For Assembly candidates, well, that got muddled before being settled. The panel last week set the cap at $5,000, down from the present $9,400 limit on Assembly donations. On Monday morning, a motion to revisit last week’s vote and raise the new level to $6,000 was rejected. An hour later, in walked a tardy commission member – a Cuomo appointee. The motion was brought back up and, rather matter-of-factly, the higher, $6,000 was approved without any real explanation why it was needed.

Among the most controversial tasks the panel approved was an increase in the number of votes that a party must receive every two years in order to automatically have a place on the ballot. A party’s candidate for governor – for a race held once every four years – must get 50,000 votes. The new requirement sets it at 130,000 votes, or 2% of the total vote, whichever is higher, every two years in gubernatorial and presidential races.

In a room at Westchester Community College where the panel met, a small but noisy crowd immediately started booing and yelling. Among the loudest critics of the higher voter threshold is the Working Families Party, a liberal party with which Cuomo has had long chilly relations. That party – as well as those such as the Green Party, Women’s Equality Party – would not make it on the ballot if their numbers of votes their candidates received in part gubernatorial elections continue in the future.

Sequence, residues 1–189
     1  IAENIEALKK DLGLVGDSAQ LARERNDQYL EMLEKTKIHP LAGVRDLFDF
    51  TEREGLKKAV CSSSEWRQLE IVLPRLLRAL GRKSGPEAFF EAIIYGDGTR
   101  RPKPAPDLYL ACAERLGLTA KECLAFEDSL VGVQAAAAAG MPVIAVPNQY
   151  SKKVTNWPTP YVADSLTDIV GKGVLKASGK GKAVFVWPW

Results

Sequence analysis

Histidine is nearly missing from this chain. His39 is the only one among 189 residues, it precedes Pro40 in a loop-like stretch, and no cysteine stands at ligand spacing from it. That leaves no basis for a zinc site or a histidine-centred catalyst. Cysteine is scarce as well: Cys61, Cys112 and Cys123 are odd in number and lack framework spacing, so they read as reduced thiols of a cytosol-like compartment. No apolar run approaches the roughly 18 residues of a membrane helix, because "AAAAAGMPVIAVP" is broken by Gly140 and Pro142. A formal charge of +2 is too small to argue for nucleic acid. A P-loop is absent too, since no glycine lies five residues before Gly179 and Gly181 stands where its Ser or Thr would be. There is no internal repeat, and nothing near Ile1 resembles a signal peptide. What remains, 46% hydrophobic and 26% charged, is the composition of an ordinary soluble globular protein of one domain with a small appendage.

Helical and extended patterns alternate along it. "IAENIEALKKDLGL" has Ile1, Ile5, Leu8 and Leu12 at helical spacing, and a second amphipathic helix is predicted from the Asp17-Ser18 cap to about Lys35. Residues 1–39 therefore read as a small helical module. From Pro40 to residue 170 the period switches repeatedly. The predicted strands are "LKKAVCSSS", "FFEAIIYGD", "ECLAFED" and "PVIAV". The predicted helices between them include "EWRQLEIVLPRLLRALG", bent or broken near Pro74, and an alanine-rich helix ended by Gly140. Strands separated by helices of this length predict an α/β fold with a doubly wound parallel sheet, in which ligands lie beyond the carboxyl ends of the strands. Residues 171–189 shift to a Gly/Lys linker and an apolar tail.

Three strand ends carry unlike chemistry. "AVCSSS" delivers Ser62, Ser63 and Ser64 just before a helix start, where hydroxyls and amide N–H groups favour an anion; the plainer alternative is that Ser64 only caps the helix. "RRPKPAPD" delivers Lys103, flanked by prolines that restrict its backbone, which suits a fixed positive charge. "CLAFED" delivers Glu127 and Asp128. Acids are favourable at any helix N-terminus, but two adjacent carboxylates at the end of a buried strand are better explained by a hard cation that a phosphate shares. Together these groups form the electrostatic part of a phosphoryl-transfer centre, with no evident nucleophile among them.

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It would leave, based on the 2018 elections, only the Democratic, Republican and Conservative parties with automatic ballot placements.

“It’s a troubling issue," said board member John Nonna, who was appointed by Senate Majority Leader Andrea Stewart-Cousins. He backed the idea as a compromise in order to get approved the larger piece of the panel’s work: public financing of campaigns.

“We’re not looking to target any party,’’ Jacobs said. He said any “credible” party will be able to attain the new threshold numbers and that the measure was important or a flood of candidates seeking taxpayer assistance with their campaigns could bankrupt the new system.

The Working Families Party, which backed actress and activist Cynthia Nixon against Cuomo in last year’s Democratic Party primary for governor, said revenge was at play Monday. The small but influential party called the tougher ballot rules “a power grab by the governor and his allies to consolidate power and weaken independent progressive political organizing."

Marc Dunlea, a longtime Green Party leader, took to Twitter during the board’s meeting.

“Dems are only able to lower statewide contribution limits by 28% but they can more than double thresholds for ballot status and triple the threshold for statewide independents to get on the ballot. Cuomo and state legislative leaders believe voters will let them get away with it," he wrote. [The 28% figure refers to how much the commission lowered a previous plan to set statewide candidate donation limits at $25,000. Jacobs notes the actual decrease under the final, agreed-to dollar limit level for statewide candidates compared with current law is 75%.]